Correlational finding on Happiness and Popularity with opposite sex
Subject code: P10ab02c

StudyFeingold (1983): study US 1978
TitleHappiness, Unselfishness, and Popularity.
SourceJournal of Psychology, 1983, Vol. 115, 3 - 5
PublicUniversity students, USA, 197?
Sample
Non-Response
Respondents N =175

Correlate
Author's labelSelf-reported popularity with opposite sex
Page in Source 5
Our classificationPopularity with opposite sex, code P10ab02c
Operationalization
Single direct question:"How popular are you (or were 
you) in general with
members of the opposite sex?".
Rated on a 6-points scale, rating
from 1 (=not popular at all) to 6 
(=very popular).

Observed Relation with Happiness
Happiness
Measure
StatisticsElaboration/Remarks
O-HP-u-sq-v-5-br=+.36 p < .001
Men   r'=+.37 (001)
Women r'=+.35 (001)
O-HP-u-sq-v-5-brpc=+.34 p < .01
Men   rpc=+.32 (01)
Woman rpc=+.35 (01)
rpc controlled for unselfishness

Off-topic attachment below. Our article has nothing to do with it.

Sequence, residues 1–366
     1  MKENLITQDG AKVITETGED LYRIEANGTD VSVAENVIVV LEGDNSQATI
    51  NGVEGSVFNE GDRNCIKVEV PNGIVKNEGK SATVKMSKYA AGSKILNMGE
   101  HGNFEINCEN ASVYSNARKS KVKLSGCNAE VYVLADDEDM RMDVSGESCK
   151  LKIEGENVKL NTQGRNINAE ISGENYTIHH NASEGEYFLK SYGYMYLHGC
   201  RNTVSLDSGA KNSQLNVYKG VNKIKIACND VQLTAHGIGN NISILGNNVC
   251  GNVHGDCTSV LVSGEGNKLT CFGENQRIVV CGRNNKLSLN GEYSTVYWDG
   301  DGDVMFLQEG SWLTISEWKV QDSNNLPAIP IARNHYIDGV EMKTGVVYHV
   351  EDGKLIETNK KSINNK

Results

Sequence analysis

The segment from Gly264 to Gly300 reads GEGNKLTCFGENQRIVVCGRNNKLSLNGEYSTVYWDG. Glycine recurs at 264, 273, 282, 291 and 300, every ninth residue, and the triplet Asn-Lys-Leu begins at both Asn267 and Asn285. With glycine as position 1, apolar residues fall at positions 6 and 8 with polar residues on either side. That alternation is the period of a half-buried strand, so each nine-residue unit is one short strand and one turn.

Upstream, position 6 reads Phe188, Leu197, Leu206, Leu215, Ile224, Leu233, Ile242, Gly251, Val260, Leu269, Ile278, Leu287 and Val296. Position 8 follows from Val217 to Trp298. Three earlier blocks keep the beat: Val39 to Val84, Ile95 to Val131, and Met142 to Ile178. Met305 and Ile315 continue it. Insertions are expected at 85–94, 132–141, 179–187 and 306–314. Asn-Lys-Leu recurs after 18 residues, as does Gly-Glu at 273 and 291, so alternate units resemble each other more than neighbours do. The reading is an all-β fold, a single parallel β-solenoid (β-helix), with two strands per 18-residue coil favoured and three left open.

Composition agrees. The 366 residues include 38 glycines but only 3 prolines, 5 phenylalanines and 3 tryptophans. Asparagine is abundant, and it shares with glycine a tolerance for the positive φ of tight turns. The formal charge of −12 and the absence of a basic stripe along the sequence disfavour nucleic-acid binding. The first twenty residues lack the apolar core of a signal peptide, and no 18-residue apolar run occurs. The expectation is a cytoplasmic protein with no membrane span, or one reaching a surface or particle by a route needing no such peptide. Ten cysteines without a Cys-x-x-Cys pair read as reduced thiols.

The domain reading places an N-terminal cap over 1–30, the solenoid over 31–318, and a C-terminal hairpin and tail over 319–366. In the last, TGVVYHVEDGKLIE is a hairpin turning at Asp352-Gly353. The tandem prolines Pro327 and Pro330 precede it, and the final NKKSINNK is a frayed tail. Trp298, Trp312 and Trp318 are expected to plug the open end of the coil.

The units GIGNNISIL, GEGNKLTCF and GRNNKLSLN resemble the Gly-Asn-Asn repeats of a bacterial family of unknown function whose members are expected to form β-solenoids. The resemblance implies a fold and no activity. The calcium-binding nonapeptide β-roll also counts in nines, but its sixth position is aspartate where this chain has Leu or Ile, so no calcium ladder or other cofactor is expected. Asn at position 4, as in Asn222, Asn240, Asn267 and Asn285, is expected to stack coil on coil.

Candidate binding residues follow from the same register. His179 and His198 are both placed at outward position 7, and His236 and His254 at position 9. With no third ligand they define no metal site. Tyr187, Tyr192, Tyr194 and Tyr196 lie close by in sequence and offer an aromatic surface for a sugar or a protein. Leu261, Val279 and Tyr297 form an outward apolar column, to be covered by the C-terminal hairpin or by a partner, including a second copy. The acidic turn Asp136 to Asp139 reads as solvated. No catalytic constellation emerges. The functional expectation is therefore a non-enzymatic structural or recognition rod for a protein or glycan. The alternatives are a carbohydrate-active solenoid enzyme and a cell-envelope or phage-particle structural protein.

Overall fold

Appendix 1: Happiness measures used
CodeFull Text
O-HP-u-sq-v-5-bSelfreport on single question:

To what degree do you consider yourself a happy person?
1 unhappy
2 not that happy
3 not happy and not unhappy
4 happy
5 very happy


Appendix 2: Statistics used
SymbolExplanation
rPRODUCT-MOMENT CORRELATION COEFFICIENT (Also "Pearson's correlation coefficient' or simply 'correlation coefficient')
Type: test statistic.
Measurement level: Correlate: metric, Happiness: metric
Range: [-1; +1]

Meaning:
r = 0 no correlation ,
r = 1 perfect correlation, where high correlate values correspond with high happiness values, and
r = -1 perfect correlation, where high correlate values correspond with low happiness values.
rpcPARTIAL CORRELATION COEFFICIENT
Type: test statistic
Measurement level: Correlate: metric, Happiness: metric
Range: [-1; +1]

Meaning: a partial correlation between happiness and one of the correlates is that correlation, which remains after accounting for the contribution of the other influences, or some of them, to the total variability in the happiness scores.
Under that conditions
rpc > 0 a higher correlate level corresponds with a higher happiness rating,
rpc < 0 a higher correlate level corresponds with a lower happiness rating,
Source:
Ruut Veenhoven, World Database of Happiness, Collection of Correlational Findings, Erasmus University Rotterdam.
https://worlddatabaseofhappiness.eur.nl